Jay Wilkinson Opens New Studio/Gallery, DANG GOOD CANDY, in Sundance Square

July 19,2021


See full Fort Worth Magazine article by Jillian Verzwyvelt here..

A prominent figure in the Fort Worth art scene, Jay Wilkinson, has expanded his professional portfolio with the opening of his new studio/gallery in Sundance Square.

Aptly named after a goofy clip of his late friend and artist Jeremy Joel popping up behind a random wooden road sign that reads, “DANG GOOD CANDY,” the space, located at 402 Houston St., is intended to offer a fun, informal setting for emerging artists to showcase their work.

“There’s something important about the idea of doing your first solo where there’s a narrative involved,” Wilkinson says. “My plan is to work with artists who have a lot of work but have yet to put it together into the same album.”

Currently an artist in residency with the Bass family, Wilkinson was recruited by the family to support an ongoing artistic and cultural renaissance in downtown Fort Worth. Wilkinson was given the downtown space as a temporary studio during his residency, but he saw the opportunity to convert the front section into a gallery.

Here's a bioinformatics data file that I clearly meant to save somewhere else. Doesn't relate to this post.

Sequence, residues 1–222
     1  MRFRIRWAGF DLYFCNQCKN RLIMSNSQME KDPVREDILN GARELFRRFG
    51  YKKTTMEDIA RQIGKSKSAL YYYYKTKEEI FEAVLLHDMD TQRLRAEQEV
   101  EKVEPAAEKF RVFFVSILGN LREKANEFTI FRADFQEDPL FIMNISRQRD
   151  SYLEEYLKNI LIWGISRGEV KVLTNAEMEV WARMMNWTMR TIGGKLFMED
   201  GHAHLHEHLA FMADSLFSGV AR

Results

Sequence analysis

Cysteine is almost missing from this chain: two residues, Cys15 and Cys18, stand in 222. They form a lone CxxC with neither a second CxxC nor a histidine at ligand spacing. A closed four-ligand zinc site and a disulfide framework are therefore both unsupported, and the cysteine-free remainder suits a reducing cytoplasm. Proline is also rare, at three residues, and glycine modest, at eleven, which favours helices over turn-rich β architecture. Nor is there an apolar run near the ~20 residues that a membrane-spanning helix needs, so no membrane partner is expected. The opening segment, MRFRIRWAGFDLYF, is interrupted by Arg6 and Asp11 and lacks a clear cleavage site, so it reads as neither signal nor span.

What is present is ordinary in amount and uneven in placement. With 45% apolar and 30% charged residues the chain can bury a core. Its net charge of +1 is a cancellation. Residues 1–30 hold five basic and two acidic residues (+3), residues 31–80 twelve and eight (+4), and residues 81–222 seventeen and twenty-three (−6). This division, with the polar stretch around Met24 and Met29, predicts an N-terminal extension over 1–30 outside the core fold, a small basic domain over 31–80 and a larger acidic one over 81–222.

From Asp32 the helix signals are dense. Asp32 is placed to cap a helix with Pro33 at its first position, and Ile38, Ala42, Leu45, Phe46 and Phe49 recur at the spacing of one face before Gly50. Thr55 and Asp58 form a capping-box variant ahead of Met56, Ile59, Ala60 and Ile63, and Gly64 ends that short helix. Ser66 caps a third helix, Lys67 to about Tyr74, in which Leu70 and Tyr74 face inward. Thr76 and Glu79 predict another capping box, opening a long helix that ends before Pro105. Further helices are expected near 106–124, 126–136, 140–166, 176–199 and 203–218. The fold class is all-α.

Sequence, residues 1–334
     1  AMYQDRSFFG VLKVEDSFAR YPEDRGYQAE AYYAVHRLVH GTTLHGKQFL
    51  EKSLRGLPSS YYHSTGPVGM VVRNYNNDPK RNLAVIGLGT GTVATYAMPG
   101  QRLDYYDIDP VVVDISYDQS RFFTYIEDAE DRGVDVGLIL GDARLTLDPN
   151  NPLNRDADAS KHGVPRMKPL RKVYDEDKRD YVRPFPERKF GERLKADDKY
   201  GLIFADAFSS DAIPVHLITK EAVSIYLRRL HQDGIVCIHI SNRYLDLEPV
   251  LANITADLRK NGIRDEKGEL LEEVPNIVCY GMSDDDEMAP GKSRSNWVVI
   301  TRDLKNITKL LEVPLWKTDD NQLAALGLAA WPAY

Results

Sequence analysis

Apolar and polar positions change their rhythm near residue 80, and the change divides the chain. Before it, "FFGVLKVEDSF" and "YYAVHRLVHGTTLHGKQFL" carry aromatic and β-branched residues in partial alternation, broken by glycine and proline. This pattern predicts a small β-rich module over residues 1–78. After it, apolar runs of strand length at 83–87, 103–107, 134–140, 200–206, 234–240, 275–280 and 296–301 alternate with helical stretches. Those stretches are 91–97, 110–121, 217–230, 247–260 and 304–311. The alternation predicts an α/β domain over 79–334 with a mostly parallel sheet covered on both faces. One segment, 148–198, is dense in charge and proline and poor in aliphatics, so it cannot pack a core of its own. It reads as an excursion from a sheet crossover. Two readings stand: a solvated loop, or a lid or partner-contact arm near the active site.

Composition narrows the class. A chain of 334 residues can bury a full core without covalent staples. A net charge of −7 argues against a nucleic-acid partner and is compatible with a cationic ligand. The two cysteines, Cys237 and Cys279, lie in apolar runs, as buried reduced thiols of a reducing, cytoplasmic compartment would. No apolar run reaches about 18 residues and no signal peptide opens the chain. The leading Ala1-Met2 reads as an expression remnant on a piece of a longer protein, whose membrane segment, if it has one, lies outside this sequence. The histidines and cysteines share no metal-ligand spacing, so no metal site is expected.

DANG GOOD CANDY has been open to guests for about a month, but Wilkinson opted for a soft opening instead of a big push in light of the pandemic. Fort Worth artist Charles Gray secured the first solo show with “Tell Me, I’m Listening.” Gray’s show closed Sunday with a free painting demonstration and will be replaced with works by Colton Batts.

While an accomplished exhibition and studio artist, Wilkinson is not new to what it takes to open a business. After graduating from the prestigious Pratt Institute in Brooklyn and University of North Texas in Denton, his art career came after he embraced his entrepreneurial side, opening a comic store, a music-booking business, and a food truck.

“One of the big things I try to impart to these young artists is that it’s all entrepreneurial,” Wilkinson says. “In the entrepreneurial world, you have to pivot and move in different spaces, and that’s kind of what I’m doing with this.” 

Wilkinson says that he sees the gallery as more of an experimental space where artists can showcase pieces that wouldn’t normally be seen in a formal setting, such as installations and new media.

“If there was anything that I would want the gallery to be known as, it’s as an opportunity for work that wouldn’t normally exist in a regular setting,” he says. 

More information can be found on DANG GOOD CANDY’s Instagram.